Analysis of Obesity Prevention Programs for Children
Amy Olson, Nutrition
Obesity in the United States has increased dramatically in the last 20 years and by the year 2050, it is expected that almost all Americans will be overweight. Obesity increases an individual's risk for cardiovascular disease, Type 2 diabetes, and cancer. The estimated financial burden of obesity is $117 billion per year, which represents 4.7 percent of the total (public and private sector) US health care expenditures in the year 2000. The significant financial and health costs of obesity make intervention crucial, but there are few successful models for reducing obesity. Targeting children and adolescents in prevention programs provides the greatest impact opportunity because such programs can teach lifelong weight control and prevent children from becoming obese adults. The most successful obesity prevention programs take place in the schools and combine several elements including a familial component, nutrition education, and physical activity.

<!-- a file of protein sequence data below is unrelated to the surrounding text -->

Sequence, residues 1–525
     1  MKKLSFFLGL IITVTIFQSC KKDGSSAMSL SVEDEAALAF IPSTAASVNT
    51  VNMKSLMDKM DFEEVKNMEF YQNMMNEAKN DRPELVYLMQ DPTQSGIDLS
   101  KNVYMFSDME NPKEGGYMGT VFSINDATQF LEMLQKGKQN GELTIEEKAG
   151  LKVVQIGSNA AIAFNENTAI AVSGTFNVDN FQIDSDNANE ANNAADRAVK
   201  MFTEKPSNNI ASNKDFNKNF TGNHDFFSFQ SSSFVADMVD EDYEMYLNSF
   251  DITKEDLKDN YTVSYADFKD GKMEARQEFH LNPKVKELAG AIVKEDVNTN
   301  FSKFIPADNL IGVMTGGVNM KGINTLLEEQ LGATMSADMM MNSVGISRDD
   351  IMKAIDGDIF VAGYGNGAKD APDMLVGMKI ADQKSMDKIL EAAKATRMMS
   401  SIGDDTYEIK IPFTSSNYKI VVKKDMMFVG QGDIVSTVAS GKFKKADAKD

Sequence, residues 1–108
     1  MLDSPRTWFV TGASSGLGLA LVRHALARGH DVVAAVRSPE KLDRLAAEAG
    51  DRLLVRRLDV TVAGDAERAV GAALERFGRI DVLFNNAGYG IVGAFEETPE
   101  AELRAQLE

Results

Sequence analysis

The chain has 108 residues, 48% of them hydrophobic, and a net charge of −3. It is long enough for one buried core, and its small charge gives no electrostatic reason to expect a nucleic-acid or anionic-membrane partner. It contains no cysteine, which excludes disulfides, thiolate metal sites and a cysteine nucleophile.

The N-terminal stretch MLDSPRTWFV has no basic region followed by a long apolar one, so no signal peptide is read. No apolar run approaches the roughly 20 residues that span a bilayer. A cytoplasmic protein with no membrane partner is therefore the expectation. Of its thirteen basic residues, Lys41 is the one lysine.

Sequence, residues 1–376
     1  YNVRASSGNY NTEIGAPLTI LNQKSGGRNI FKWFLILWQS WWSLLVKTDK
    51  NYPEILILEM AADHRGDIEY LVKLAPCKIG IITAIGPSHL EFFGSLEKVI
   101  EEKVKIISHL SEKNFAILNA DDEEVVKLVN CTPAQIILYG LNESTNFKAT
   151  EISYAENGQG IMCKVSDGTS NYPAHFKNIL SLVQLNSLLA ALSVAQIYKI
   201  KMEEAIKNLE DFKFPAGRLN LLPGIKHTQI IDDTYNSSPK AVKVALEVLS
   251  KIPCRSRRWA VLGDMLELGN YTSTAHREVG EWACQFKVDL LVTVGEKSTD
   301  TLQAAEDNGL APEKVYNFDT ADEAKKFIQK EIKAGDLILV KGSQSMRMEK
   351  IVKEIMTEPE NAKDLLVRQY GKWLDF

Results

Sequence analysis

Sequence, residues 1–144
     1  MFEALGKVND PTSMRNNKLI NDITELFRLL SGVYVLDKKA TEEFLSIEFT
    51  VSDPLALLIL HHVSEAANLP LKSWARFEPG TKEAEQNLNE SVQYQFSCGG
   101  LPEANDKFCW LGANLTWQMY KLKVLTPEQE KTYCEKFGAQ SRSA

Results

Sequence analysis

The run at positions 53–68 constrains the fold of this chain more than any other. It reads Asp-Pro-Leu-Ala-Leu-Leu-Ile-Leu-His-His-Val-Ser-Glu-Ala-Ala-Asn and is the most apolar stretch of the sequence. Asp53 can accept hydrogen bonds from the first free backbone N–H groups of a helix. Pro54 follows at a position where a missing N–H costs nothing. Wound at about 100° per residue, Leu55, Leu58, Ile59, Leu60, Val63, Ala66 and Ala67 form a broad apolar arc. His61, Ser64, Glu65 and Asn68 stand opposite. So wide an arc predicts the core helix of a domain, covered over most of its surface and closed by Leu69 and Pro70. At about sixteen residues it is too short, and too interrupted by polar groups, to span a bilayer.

Matthees, Susan, "Analysis of Obesity Prevention Programs for Children" (2004). Honors Theses. 401.